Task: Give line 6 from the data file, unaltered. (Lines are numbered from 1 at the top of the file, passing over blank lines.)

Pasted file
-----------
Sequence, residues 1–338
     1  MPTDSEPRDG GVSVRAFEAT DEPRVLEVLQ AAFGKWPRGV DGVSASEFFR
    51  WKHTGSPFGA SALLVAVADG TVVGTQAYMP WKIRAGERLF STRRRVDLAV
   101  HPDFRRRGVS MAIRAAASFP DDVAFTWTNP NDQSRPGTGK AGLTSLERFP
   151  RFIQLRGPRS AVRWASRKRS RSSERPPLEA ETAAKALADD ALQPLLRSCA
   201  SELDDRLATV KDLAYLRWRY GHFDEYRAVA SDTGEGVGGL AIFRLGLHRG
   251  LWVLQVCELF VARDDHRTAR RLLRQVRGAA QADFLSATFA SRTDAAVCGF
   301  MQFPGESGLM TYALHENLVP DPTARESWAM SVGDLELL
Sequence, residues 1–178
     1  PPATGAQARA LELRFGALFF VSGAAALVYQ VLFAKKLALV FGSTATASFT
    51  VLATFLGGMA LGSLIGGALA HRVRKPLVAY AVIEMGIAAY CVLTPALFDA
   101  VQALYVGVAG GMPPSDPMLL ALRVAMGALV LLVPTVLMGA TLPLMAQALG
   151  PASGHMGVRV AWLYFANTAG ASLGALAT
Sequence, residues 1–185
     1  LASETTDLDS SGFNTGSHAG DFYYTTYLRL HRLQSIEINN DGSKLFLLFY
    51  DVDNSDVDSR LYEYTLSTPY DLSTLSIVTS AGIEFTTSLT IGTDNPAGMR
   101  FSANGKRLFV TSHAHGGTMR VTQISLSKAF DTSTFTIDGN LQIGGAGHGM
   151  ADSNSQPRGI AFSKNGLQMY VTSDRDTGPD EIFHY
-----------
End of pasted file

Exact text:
   201  SELDDRLATV KDLAYLRWRY GHFDEYRAVA SDTGEGVGGL AIFRLGLHRG